Swiss watch industry set for sustained battle towards recovery.

In December last year self-described leaders in the field of investment research Morgan Stanley, published their 44 pages ‘DTC and the Bullwhip Effect’ report suggesting “A bumpy transition ahead for Swiss watch industry”, in its long fight to regain market share and sustained recovery. Let’s take a look at the main points about the Bullwhip and the DTC or direct to consumer distribution model, then perhaps understand what’s happening here.

What is the bullwhip?

Morgan Stanley believes there are some drastic changes and industry challenges to overcome. The phrase used was the Bullwhip Effect, in an attempt to describe the cause and effect of this seemingly endless slowdown, but how does it work? The main thrust of the Bullwhip Effect is the surprisingly artistic explanation by Morgan Stanley to illustrate the overproduction of timepieces between customer order and manufacture. Essentially, it’s likening the amplification of the wavelength from a snapping whip to align the compartmentalized supply chain.
It seems somewhat incongruous to the point that a diagram is needed to drive the idea home. You can see from the illustration below, courtesy of how the idea pans out.

The Bullwhip Effect courtesy of
The Bullwhip Effect courtesy of

In all its glory this model describes the failings and lack of communication that is universally understood to be insensitive even towards ‘friendly’ companies. This leads to confusion between supply and demand that eventually produces an oversupply impossible to be absorbed organically through customer sales.

Reading the report the main premise seems to be based on investment recommendations in relation to the surplus overstock of The Swatch Group AG and Compagnie Financiere Richemont SA, and what to do about it. That being said, it still speaks volumes to the problems felt throughout the industry.

The traditional conservative model.

There is no surprise to know the Swiss watch industry is or has been, the epitome of conservative traditional moving steadily and purposefully through the steps of production. This made them slow to react to market forces that were all-encompassing and absolute. The Chinese slow down in part caused by the crackdown in corruption, the slowdown in European tourism in the shadow of global terrorism, it all adds up to a headache that was never expected or fully understood by the industry. While manufacturers were working to produce goods and keep skilled mechanical artisans in work hoping their problems would disappear, the perfect storm was coalescing.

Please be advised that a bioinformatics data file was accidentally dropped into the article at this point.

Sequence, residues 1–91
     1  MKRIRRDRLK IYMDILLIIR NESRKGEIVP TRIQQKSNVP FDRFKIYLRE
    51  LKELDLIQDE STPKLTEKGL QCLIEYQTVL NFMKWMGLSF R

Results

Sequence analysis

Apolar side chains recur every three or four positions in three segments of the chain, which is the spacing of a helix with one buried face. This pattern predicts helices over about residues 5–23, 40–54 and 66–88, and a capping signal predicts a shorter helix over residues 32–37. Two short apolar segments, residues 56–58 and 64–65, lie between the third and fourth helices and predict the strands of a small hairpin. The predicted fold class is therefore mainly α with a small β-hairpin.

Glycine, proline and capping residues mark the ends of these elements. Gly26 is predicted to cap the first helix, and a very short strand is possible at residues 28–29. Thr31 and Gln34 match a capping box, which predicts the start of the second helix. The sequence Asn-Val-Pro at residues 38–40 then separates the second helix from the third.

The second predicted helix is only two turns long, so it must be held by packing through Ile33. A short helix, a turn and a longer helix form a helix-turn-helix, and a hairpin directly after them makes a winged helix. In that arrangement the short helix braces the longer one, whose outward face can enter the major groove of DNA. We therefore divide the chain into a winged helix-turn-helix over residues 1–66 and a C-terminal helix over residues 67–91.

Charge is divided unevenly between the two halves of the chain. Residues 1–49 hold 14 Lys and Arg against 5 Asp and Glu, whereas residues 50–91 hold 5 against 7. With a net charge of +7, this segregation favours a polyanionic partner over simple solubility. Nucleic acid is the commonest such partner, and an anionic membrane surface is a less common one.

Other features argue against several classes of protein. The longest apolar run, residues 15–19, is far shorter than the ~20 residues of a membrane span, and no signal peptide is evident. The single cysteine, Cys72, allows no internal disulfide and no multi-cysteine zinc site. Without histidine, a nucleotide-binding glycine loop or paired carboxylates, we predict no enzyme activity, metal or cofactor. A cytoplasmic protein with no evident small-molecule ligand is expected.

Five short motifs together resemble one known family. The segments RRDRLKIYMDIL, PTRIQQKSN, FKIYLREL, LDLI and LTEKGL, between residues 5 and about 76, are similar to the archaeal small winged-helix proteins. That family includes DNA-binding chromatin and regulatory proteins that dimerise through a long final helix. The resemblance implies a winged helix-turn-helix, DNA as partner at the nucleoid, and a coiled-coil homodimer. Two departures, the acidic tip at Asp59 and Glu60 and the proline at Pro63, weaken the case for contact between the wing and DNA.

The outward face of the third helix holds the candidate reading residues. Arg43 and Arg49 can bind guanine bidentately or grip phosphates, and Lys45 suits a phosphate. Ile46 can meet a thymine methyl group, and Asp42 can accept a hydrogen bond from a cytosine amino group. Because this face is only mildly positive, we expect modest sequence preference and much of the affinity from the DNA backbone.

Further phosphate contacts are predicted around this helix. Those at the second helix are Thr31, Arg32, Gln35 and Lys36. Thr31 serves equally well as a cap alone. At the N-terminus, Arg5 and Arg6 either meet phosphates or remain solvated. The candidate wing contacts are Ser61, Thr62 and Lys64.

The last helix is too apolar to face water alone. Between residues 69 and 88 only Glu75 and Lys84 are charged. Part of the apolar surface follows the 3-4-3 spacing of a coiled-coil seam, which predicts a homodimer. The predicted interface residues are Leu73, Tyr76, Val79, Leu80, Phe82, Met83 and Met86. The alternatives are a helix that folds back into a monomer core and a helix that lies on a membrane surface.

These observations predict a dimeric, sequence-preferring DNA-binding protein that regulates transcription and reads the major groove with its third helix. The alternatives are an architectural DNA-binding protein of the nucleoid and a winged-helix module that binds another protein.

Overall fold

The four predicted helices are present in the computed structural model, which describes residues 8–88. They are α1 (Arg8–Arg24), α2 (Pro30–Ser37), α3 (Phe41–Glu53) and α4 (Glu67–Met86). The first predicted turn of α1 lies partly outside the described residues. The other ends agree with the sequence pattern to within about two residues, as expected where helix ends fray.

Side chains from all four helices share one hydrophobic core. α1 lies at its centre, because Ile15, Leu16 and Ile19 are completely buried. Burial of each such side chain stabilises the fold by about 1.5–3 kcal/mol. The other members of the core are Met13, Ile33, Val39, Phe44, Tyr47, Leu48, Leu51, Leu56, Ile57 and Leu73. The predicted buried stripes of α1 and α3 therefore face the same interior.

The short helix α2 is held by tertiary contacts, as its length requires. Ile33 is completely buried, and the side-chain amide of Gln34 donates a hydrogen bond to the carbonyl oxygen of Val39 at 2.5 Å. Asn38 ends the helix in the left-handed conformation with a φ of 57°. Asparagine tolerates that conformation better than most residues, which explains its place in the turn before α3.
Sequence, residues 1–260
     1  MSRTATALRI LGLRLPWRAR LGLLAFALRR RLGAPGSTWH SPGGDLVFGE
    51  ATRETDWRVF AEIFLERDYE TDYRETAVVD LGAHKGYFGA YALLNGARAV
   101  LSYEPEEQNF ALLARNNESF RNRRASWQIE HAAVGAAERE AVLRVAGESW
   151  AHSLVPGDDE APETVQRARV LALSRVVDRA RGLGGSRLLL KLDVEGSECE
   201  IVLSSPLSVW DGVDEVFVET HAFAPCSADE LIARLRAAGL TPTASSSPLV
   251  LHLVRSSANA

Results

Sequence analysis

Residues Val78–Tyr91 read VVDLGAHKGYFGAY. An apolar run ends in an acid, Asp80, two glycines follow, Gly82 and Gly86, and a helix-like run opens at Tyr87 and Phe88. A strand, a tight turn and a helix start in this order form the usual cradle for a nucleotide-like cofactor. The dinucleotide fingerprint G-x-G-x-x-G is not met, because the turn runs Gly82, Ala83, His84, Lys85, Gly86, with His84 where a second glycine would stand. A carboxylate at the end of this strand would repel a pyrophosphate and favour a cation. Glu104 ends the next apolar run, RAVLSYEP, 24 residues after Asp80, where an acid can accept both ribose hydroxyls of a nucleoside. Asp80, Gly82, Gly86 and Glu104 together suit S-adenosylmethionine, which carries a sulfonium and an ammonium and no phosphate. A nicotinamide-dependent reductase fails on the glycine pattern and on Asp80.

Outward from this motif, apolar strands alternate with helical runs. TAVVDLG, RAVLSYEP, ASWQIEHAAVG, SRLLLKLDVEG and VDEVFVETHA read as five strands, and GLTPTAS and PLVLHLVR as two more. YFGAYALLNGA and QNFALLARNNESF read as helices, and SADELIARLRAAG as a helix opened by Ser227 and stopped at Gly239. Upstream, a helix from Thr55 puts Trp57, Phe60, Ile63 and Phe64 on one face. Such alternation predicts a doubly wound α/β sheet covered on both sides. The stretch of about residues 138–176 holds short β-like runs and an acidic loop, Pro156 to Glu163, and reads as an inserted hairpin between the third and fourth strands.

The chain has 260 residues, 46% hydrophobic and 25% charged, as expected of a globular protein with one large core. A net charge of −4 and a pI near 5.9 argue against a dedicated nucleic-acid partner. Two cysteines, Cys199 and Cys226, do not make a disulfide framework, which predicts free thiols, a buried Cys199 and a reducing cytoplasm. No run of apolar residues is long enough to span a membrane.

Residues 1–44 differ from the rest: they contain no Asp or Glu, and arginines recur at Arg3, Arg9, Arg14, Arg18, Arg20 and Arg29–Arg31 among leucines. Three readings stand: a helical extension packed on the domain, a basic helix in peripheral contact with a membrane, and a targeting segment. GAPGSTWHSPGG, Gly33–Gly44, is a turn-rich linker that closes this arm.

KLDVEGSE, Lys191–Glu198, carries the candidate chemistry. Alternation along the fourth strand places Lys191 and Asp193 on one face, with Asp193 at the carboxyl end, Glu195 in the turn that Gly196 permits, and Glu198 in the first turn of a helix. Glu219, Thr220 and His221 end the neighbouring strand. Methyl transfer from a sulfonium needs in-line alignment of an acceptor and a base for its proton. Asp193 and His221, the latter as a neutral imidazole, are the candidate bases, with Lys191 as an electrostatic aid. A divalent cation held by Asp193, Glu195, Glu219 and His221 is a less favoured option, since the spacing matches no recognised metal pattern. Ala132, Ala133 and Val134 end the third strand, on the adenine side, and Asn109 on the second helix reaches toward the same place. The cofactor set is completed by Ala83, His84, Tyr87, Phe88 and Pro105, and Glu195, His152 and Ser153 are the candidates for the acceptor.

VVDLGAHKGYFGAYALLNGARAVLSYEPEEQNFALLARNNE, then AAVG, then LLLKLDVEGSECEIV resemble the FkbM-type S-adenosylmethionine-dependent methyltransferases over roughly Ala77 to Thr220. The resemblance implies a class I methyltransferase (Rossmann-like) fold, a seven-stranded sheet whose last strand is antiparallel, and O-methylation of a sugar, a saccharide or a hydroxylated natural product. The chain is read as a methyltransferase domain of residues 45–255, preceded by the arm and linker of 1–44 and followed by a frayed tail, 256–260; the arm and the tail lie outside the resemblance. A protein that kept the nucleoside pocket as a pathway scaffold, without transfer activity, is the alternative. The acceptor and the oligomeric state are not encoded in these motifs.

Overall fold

The results of the overproduction as Morgan Stanley suggests has lead to approx. €16bn (£14.5bn) worth of stock that not only remained unsold but found its way into the hands of third-party retailers. This includes the grey market discount stores that the Swiss watch industry loves to hate, and in some cases despise so much, they find it more appealing to destroy stock than let it sell this way. One example of this is the Richmont group buy back of €200m of unsold watches in 2017 that was destroyed in preference to letting them sell at discount, cheapening their brand value.

The Richmont Group

Changing of the guard.

Regardless of the doldrums suffered across the watch industry over the previous years, the Swiss Made mark is still the only true contender for mechanical luxury timepieces. Last month Geneva’s annual watch fair The Salon International de la Haute Horlogerie (SIHH) opened its doors to dealers, collectors and the public alike, showing their newest, most expensive, and innovative products that are unlikely to be available in any boutique. This year was dominated by Richmont group owning brands such as Vacheron Constantin, Jaeger-LeCoultre, IWC, Piaget, the list goes on.

In what could be proof the Swiss Watch Industry is in a battle for its life and addressing real concerns, this year saw the introduction of a lab showcasing at SIHH. The purpose being, the introduction of watch technology using robotics, 3D printers, and artificial intelligence. It’s a far cry from the handcrafted precision-engineered Swiss Made artisanship we might be used to, but it shows the industry has started taking notice of the demands of the modern world.